Critical Access may be best way to keep hospital
I have been a very proud employee of Sutter Coast Hospital for almost three years. During my 42 year career in health care I have worked in large teaching facilities, and small Critical Access hospitals.
When deciding on where to work I had my choice of many facilities, both large and small; owned by large companies and privately owned. The biggest contributors to my choice for Sutter Coast Hospital were that it is a small rural facility, but also has the benefit of the backing of the Sutter Health System.
Small, privately owned hospitals have a much more difficult time in today’s economy meeting salaries, paying vendors and by and large staying solvent. I can speak from experience on these small hospitals with their layoffs and cut-backs during hard economic times.
Having the backing of Sutter means that our local hospital can stay open during our current difficult economy. Because I have only been here for the three years, I do not know all the background of the Healthcare District/ Sutter contract, but I do know who built the hospital, who pays the salaries and benefits and who has been forward-thinking to preserve health care in Del Norte County.
As far as the dire warnings from some in the community about the hospital becoming Critical Access, I would urge residents of the area to go to the California Critical Access Hospital website, www.ccahn.org. There you can find all the true data about the program and the ways in which the program has been able to keep small rural hospitals open and providing for residents.
Call the hospitals within the northern part of California such as Redwood Memorial Hospital in Fortuna, Fairchild Medical Center in Yreka and Mercy Mt. Shasta in Mt. Shasta. These hospitals are part of 19 Critical Access hospitals north of Sonoma.
Not only have Critical Access hospitals been able to expand services, but by and large they are thriving. If Sutter Coast Hospital needs to go the route of Critical Access, don’t worry. It is not the “big bad wolf” some would make it out to be.
I have wondered, if our community loses our Sutter affiliation, can the backers of the Healthcare District pay the salaries, benefits and bills for our hospital?
Michaella Novello, Crescent City
Supervisors were right to suspend Alexander
Praise be to the county supervisors! The state Bar basically made the decision to fire Jon Alexander as district attorney; he has been put on inactive status for practicing law. That gives him no right to even be in the DA’s Office.
His job is gone; it doesn’t matter if he is fighting the state Bar or not, that is on him, not this county. It will take at least a year if not longer for the wheels of justice to turn for him and no one has the answer to the outcome of that.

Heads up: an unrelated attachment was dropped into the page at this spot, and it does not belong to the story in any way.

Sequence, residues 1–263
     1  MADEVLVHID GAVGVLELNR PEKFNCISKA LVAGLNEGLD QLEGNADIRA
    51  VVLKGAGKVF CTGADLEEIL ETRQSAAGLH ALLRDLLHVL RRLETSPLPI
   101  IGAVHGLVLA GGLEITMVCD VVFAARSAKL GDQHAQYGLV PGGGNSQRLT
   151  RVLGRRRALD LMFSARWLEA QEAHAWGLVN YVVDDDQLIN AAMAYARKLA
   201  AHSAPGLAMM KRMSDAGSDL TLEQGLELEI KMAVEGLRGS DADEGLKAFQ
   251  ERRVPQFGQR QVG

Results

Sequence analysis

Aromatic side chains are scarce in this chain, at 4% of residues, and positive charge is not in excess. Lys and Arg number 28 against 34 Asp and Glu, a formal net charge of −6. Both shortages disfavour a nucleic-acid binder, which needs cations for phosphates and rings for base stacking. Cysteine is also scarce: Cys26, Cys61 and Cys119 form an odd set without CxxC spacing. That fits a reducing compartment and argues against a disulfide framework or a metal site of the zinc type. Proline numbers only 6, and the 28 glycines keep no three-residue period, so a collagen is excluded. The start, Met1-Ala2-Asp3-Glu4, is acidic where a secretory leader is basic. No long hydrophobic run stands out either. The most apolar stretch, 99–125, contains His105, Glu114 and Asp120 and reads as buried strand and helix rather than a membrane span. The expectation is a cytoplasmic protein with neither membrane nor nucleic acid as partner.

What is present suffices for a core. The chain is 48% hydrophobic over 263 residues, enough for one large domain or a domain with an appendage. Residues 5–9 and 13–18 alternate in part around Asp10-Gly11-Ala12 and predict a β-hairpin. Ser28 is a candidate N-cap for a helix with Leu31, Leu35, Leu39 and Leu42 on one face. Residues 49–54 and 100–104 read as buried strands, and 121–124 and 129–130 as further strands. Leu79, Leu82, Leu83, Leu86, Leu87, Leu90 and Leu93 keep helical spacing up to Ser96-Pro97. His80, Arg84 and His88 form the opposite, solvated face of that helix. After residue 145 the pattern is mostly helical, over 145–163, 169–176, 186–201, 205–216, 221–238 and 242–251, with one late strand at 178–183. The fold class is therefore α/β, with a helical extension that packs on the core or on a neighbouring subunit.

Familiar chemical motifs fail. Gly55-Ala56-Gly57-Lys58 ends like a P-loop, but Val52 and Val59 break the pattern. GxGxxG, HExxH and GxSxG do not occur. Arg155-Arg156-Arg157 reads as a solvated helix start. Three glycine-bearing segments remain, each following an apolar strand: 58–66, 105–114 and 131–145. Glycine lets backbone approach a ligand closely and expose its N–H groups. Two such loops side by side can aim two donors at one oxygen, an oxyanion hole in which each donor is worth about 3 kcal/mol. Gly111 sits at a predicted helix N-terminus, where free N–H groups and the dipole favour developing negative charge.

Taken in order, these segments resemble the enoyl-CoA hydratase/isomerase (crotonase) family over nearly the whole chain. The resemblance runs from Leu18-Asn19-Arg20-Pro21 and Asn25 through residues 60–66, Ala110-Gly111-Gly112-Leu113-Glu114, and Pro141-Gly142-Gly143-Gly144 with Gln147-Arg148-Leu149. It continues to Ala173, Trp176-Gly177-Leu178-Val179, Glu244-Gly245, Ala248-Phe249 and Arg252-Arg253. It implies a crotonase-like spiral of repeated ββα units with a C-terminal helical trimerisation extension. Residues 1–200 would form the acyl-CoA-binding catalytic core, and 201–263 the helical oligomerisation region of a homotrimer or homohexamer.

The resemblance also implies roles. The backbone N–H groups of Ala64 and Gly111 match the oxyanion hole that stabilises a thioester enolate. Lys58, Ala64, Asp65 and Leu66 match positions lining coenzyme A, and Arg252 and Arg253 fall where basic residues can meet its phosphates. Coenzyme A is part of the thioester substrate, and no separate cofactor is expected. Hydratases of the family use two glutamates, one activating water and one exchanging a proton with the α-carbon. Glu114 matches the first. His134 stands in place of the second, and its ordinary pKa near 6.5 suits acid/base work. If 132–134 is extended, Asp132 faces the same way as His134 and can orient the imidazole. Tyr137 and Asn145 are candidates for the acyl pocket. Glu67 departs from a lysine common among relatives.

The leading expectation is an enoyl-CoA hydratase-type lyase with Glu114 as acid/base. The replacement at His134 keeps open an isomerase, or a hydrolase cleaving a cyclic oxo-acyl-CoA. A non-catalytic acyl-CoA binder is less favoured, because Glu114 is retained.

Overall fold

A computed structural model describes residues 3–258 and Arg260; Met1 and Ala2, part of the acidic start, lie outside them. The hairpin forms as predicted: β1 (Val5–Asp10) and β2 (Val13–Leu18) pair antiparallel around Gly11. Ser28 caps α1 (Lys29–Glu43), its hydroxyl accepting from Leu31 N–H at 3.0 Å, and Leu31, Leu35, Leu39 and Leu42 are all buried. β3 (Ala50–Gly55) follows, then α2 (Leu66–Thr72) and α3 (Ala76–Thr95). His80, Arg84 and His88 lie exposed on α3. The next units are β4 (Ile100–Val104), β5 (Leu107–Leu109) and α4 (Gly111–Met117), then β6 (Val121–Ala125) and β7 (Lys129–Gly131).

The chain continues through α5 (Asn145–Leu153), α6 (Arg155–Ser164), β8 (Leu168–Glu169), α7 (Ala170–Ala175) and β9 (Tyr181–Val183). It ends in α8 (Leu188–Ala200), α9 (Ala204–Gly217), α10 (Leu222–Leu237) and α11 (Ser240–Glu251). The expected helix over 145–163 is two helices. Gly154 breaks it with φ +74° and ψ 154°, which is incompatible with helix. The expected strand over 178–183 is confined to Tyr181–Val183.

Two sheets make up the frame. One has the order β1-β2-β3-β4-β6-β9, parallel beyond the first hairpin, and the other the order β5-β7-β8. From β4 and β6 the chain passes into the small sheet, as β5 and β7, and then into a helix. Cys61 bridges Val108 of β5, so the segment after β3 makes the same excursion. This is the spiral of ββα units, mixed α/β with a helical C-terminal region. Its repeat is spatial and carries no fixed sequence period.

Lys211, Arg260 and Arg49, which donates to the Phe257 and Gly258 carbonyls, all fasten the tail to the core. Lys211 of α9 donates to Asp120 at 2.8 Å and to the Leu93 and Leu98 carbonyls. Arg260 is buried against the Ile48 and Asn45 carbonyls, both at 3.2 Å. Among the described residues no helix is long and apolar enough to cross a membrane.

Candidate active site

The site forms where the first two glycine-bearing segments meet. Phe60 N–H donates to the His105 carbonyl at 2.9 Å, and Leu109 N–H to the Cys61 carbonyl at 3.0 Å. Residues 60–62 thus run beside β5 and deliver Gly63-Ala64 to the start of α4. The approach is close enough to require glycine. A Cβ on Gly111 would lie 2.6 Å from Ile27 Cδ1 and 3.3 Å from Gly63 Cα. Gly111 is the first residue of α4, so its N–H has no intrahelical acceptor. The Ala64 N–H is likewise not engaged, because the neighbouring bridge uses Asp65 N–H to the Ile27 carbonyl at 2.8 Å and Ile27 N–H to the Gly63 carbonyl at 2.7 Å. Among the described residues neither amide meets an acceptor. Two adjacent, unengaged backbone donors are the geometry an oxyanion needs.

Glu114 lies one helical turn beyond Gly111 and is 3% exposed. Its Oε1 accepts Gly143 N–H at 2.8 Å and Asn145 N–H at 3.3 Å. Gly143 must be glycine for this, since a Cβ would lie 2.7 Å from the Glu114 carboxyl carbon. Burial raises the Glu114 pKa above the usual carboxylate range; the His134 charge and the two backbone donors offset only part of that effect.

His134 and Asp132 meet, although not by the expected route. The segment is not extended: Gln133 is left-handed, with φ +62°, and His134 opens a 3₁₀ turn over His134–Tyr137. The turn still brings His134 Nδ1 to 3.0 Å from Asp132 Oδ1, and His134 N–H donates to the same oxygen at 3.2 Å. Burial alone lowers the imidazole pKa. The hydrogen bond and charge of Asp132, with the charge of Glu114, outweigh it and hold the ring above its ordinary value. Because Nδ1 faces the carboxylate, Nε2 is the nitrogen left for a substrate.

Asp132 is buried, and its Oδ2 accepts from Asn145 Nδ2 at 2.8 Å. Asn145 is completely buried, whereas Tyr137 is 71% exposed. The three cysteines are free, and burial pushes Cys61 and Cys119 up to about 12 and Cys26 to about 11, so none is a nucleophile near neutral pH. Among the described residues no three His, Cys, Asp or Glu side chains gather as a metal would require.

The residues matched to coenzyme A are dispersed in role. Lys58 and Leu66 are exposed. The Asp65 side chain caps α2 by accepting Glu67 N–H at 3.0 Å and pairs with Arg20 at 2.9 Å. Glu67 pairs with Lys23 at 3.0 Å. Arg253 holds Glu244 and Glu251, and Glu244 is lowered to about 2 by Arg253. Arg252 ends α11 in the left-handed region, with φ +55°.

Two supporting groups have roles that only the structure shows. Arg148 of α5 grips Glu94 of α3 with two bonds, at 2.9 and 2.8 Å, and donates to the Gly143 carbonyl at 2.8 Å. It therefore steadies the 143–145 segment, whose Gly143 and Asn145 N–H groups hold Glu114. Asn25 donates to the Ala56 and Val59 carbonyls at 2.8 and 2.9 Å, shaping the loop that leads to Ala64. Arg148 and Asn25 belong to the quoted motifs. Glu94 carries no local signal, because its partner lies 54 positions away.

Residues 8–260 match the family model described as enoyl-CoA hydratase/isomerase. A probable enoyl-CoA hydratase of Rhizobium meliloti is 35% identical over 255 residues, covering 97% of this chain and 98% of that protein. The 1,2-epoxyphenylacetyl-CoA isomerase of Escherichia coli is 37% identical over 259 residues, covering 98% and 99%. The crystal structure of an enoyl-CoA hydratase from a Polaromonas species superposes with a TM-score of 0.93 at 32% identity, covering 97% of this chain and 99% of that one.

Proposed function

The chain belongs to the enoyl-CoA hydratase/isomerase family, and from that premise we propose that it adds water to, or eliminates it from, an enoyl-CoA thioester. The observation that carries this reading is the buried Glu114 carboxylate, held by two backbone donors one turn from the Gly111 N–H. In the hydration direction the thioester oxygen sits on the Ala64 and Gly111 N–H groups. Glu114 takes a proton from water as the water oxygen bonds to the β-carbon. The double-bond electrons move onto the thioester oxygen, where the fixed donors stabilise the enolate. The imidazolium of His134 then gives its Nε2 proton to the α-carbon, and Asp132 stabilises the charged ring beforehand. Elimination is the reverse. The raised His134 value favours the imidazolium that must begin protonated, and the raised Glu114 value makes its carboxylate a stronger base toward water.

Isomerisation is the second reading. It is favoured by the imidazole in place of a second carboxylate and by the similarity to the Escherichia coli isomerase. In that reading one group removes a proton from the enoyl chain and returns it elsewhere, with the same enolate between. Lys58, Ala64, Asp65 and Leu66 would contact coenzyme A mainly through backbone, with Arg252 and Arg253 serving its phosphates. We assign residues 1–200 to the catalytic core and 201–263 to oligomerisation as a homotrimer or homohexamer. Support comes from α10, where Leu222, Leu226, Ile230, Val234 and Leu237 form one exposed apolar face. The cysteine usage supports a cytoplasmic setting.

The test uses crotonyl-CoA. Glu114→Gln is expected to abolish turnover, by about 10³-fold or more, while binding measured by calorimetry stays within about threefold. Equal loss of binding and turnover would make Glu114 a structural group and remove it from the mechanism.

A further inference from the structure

So, Jon, take your unpaid leave, which I believe should become permanent. Just the fact that he believes he should be back on the payroll shows his total lack of concern for our community and what he has cost us. His antics have been in the newspapers from here to San Diego, it’s a total embarrassment to everyone here. Find a new job, Jon.
Jack McCutcheon, Crescent City
Nice job on the series about Pelican Bay
I’d like to thank the Triplicate for the four-part series on Pelican Bay State Prison, Inside the SHU, June 22–29. I believe it’s important that citizens in this area be made aware of what PBSP is all about, as it’s in their back yard.
In the last article, both sides of the Security Housing Unit issue were summed up rather well. Warden Greg Lewis was accurate when he said that men housed in the SHU were there because of their decisions in life. Gang members said they “should have their human rights respected.”
Let me see if I have this straight. Inmates decide to continue their gang activities while in prison, knowing full well there is a SHU program for such behavior. They are sent to the SHU and don’t like it because it disrupts their ongoing criminal enterprise. They object and “demand” the SHU be modified to their liking. They can choose to debrief (get out of the gangs) but elect not to; yet still complain about being housed in the SHU.
Every inmate in Pelican Bay’s SHU earned his placement there through his choices (violent behavior, gang activity, etc.). Having a SHU program helps to protect other inmates who are trying to just do their time and get out.
My suggestion to the SHU inmates:
stop whining about the consequences of your choices in life. It’s the first step in becoming an asset to society.
Mike Wiley, Brookings